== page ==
So this may be an odd question but it's something I've been wanting to get to the bottom of for a long time now. I'm a composer and I've been fascinated with the sound of a V10 engine. A few years ago I found that the V10 has a major 3rd interval in its sound. Ever since, I've been wondering what exactly causes this to happen. My guess it has something to do with the order in which the pistons are firing, but I have no idea how.
Let's get to the basics first. I've looked mainly at V6, V8 and V10 engines. I have found that V8 engines have an octave interval
, V6's have a fifth
interval and V10's have a major 3rd
interval (actually an octave and a 3rd). Apparently there's a relationship between these engines and the harmonic series
From the sound of it, a V6 could be a 3 cylinder engine with 2 cylinders firing at the same time. A V8 is very similar to a line 4 (or maybe 2 cylinder?) and a V10 is like a line 5. After some more analysis I found a clear relation between the amount of cylinders and the harmonic series:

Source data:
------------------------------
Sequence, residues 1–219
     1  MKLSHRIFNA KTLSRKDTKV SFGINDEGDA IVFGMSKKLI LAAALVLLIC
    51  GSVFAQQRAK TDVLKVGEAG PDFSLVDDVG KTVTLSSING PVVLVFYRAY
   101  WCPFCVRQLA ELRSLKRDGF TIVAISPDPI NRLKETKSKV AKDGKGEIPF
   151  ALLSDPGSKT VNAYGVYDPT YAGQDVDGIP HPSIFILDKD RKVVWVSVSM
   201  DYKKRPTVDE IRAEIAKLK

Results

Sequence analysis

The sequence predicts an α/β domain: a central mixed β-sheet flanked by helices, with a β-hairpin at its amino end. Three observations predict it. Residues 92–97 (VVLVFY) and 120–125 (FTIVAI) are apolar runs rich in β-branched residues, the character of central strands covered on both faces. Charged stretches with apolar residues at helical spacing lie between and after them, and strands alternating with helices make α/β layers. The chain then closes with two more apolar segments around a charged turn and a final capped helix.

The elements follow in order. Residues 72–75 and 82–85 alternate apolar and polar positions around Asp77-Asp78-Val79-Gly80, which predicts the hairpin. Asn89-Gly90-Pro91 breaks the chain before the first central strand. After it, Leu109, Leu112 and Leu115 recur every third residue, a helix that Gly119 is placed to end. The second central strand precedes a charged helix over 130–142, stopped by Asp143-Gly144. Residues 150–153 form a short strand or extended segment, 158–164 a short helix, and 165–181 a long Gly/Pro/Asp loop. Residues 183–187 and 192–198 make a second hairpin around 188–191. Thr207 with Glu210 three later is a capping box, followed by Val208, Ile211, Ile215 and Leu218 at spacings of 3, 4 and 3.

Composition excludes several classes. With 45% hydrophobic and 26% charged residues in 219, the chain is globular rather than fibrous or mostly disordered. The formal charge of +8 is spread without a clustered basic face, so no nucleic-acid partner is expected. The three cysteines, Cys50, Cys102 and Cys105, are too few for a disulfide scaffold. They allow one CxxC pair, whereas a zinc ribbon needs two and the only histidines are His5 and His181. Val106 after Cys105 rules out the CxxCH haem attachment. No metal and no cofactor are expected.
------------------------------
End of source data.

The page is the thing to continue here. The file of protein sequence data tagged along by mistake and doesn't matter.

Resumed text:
V10 and line 5: loudest harmonics are: harmonic 5, 10, 15, 20..
V8 and line 4: loudest harmonics are: 4, 8, 12, 16, 20..
V6: loudest harmonics are: 3, 6, 12, 15, 18..
In all engines I found that apart from these harmonics the octaves would sometimes be pretty loud as well, or very soft. Also, most harmonics would be in every engine, no matter what type. Sometimes the fundamental would be missing. But variations like these could be due to the recording equipent (mics not picking up certain frequencies, pre-amps, even wind). So it's not so much that only the line 5 or V10 have a major third interval, it's more that it is way more prominent in these engines as opposed to 4, 6 or 8 cylinder engines.
For the V10 and V6 it seems to make sense: they're divisible by 2, giving 5 and 3. But 4 is divisible by 2, even though the louder overtones are ever 4th harmonic. Could this mean that in a 4 cylinder engine, none of the pistons fire together?
In any case, I have no idea what exactly causes this relationship. If this has to do with the order in which the engines are firing, how do these frequencies come about? If the pistons fire in an even way in time, you'd have just the frequency of this firing. In all this I just assumed that the firing of the pistons makes the noise, but could there be more?
Hopefully some people here know a lot more about how engines work and could enlighten me on this.
For anyone interested in my analysis: http://v10.basbouma.nl/V10%20harmonic%20series.xls
And I also uploaded some of the spectrums I analysed (the clearest spectrums):
Ferrari F2002 V10
Audi R8 LMS V10
Porsche 991 V6
Alfa Romeo 4C line 4
PS. related to this but not quite the same question. Why does an American muscle V8 sound so less 'tight' from a V8 racing engine?